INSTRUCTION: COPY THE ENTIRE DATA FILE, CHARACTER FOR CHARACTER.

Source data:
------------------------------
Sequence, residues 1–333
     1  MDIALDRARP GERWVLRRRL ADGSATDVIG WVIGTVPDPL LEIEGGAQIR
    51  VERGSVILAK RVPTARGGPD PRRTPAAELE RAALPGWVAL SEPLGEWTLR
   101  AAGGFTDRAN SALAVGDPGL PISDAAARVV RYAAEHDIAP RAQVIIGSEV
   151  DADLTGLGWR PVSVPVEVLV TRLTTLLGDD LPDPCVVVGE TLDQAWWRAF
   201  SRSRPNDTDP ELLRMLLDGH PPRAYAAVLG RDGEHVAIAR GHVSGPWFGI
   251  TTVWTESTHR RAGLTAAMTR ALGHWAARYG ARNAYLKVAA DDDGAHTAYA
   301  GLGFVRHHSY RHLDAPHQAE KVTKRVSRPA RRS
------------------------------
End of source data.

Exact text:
Sequence, residues 1–333
     1  MDIALDRARP GERWVLRRRL ADGSATDVIG WVIGTVPDPL LEIEGGAQIR
    51  VERGSVILAK RVPTARGGPD PRRTPAAELE RAALPGWVAL SEPLGEWTLR
   101  AAGGFTDRAN SALAVGDPGL PISDAAARVV RYAAEHDIAP RAQVIIGSEV
   151  DADLTGLGWR PVSVPVEVLV TRLTTLLGDD LPDPCVVVGE TLDQAWWRAF
   201  SRSRPNDTDP ELLRMLLDGH PPRAYAAVLG RDGEHVAIAR GHVSGPWFGI
   251  TTVWTESTHR RAGLTAAMTR ALGHWAARYG ARNAYLKVAA DDDGAHTAYA
   301  GLGFVRHHSY RHLDAPHQAE KVTKRVSRPA RRS